Dominic was slightly unclear on what those goals actually were; it seemed that Vidre and Welexi were at odds with each other when it came to the more distant future. Vidre seemed content to simply sail around the world until the end of time, but that wasn’t enough for Welexi. Dominic didn’t know how he fit in with either of these plans. If everything in Torland went to plan, which seemed far too hopeful, then eventually he would stand next to Welexi and Vidre as an equal. Beyond that, it was unknown.
“It’s the small things that people respond to,” said Vidre. She stretched out and glanced towards him. “Lingering looks and brief, unnecessary touches. Smiles and laughs. That sort of thing. We won’t need to display outright affection. It will be a simple fraud.”
“Right,” said Dominic.
“The only downside is that you won’t be able to pursue other options, which I don’t think you should be doing anyway. I saw how Ember looked at you after you rescued her,” said Vidre. “There are already good reasons not to spend too much time with her. The same goes for the commoners.”
“Fair enough,” said Dominic.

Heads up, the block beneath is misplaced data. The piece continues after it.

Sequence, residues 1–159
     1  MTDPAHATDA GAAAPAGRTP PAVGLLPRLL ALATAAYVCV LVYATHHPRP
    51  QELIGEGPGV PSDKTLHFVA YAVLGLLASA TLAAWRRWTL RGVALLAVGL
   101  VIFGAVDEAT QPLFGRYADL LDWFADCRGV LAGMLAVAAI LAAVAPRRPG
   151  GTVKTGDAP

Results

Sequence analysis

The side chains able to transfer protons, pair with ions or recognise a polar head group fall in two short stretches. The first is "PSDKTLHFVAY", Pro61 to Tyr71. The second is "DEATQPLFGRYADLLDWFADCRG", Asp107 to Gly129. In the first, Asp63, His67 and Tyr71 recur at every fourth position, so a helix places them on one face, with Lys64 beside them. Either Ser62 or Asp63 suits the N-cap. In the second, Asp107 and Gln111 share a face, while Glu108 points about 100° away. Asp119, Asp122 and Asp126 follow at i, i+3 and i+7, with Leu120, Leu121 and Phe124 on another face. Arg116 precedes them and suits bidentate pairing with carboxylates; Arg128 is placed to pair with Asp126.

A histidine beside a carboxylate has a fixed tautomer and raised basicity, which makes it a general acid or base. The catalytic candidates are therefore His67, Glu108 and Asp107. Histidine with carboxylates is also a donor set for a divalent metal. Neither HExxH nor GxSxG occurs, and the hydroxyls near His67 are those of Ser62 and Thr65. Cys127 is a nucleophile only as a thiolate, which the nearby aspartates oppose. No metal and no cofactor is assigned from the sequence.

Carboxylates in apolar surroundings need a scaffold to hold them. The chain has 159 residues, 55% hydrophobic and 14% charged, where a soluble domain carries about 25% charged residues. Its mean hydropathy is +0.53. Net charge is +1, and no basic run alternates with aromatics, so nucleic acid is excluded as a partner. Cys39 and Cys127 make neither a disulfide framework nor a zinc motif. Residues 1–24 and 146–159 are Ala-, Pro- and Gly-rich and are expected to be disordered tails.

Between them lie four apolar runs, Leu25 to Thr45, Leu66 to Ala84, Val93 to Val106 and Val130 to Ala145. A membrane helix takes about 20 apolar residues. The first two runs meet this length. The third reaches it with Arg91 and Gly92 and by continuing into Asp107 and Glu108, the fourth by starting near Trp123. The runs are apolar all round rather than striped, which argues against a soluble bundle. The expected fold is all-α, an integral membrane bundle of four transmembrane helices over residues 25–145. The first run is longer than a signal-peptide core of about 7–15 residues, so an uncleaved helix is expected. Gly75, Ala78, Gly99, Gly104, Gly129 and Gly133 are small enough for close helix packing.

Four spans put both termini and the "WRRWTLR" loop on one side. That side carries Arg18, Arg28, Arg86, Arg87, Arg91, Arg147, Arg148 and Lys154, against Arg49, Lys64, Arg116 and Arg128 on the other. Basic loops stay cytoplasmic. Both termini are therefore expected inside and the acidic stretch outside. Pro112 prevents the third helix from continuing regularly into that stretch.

Vidre gave him a slight, unexpected smile. “Good, then it’s settled. Remember, nothing overt. We’ll be leaving Torland soon if all goes well, and we can feed them back whatever story we wish through our bards. It’s always better to draw these things out if they’re meant to last. In the meantime, it’ll help to distract from the politics that Welexi is trying to work on behalf of the Flower Queen, not that he’s making much headway there.”
“Why’s that?” asked Dominic.
“He’s tainted,” said Vidre. “They’re still singing that damned song in the tavern. There are new stories recounting the Peddler’s War written by young men who hadn’t even been born when it started. The common folk of Meriwall haven’t made a complete turn against him, but I don’t know how much longer he can keep up his image of a shining knight. There are other illustrati who would write the whole island nation off as a loss, and accept that they’d be a villain in one place and a hero in others.”
“Not Welexi though,” said Dominic.
“He’s a hero,” said Vidre. “He needs to be a hero. Even if that’s not the wise thing to be.”